Elisabeth Spector wrote an excellent response yesterday to DD-B's post about the evolution of the Lincoln Memorial print. Since then, several people have "piled on" and agreed with her that they don't like some of the changes Ctein and DD-B made to the picture. (I do, but that's beside the point.)
What I think might be getting overlooked is what is explicit in the rest of DD-B's post: he worked with his printer (and friend—Ctein) to get the result he wanted. He describes this process in some detail. And he succeeded—that is, he did get what he wanted—as you can read right there in English at the end of the post, where he says the print is "certainly the finest rendering of the image I've ever seen!"
This is a great example of what I mean when I say (as I often do) "you've got to take mature artists at their word." (And by "artists" I just mean creators of artworks—that term "artist" is so loaded.) What that means is, once you've determined that the creator of a work of art or craft is skilled, competent, and practiced enough to actually achieve what they're after, then you really can't argue with their choices. It's their work. They get to decide.
There are, naturally, a few things you do get to decide. You get to decide whether you like that artist or not, of course. If their choices consistently bug you or detract from your experience of the work, then maybe you just don't sync well with that person and his or her work isn't for you. (plenty of artists are like that for me.) You can also learn from another creator's choices—this is what Elisabeth is describing she went through. She's clarified her own feelings about what she would have done differently if David's picture had been hers. That's important.
I think you can learn from other creators (you'll notice I'm avoiding that "artist" word) in both a positive or a negative way. Both are equally valid. You can admire someone and want to emulate their work—model yourself or your approach on them; you can also intentionally reject another creator's choices and resolve to avoid them.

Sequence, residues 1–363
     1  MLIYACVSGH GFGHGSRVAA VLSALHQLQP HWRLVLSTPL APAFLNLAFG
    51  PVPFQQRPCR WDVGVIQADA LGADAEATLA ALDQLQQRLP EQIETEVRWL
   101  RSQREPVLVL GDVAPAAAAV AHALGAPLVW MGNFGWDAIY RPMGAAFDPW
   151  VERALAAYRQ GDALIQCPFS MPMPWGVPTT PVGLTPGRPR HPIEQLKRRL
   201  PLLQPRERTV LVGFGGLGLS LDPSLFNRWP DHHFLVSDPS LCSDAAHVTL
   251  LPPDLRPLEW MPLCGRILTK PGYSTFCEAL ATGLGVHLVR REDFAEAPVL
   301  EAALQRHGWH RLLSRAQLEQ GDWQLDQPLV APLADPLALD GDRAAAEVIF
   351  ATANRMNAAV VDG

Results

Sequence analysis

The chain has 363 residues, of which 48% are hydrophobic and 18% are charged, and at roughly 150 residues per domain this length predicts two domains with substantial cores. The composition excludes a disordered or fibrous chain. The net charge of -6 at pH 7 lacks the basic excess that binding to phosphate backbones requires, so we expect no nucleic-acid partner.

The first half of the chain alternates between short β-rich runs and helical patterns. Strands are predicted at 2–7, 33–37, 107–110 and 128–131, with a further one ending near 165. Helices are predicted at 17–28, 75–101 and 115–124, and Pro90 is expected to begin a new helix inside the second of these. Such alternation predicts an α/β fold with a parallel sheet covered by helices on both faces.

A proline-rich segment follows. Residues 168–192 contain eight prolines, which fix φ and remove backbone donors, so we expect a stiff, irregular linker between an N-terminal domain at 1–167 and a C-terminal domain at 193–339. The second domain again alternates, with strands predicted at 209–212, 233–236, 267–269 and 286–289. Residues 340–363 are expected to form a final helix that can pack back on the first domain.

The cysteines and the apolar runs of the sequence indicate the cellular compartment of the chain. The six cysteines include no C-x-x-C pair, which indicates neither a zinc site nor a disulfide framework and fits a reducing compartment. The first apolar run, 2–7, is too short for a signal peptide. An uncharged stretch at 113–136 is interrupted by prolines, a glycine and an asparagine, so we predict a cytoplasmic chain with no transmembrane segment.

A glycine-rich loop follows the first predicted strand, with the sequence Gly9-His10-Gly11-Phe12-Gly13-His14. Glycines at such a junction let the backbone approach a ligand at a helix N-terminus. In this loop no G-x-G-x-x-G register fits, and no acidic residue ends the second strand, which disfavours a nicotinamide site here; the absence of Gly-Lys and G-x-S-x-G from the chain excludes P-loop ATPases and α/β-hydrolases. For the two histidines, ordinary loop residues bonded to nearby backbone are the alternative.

Either one can be important to your own work. Many times, encountering an artist who is very clear about his or her own artistic strategies can have the effect of "forcing" you to deal with it and arrive at your own conclusion, either as a creator yourself or as a critical viewer and appreciator of work. A few "fer instances": Andreas Gursky Photoshops his work as part of his creative process. Positive or negative for you? (Don't answer these questions to me—I'm not asking, I'm suggesting that these questions are what you should ask yourself.) There's a photojournalist I've written about (forgot the name!) who uses heavily oversaturated colors. That might drive you to consider color saturation in your own work, pro or con. Ralph Eugene Meatyard places a sense of surrealism front and center in his work. Accept or reject? Ditto Joel-Peter Witkin's necrophilia. Studying the work of Gregory Crewdson for any length of time will bring you face to face with the directorial mode of staging scenes deliberately and extensively in order to photograph them. Interest you, or turn you off? And so on. I could go on all day.
But back to the subject. While I think "I would have done it differently" is a good learning and self-testing and self-clarifying tool, at the same time I don't think "he should have done it differently" is a very mature critical stance. Do you see the distinction?
(I've been "immature" that way myself, lest you think I'm casting stones. For instance, note my "uncolorizing" of John Moore's famous picture here. You have to scroll down a bit. Bad Mike. Not your picture, not your right.)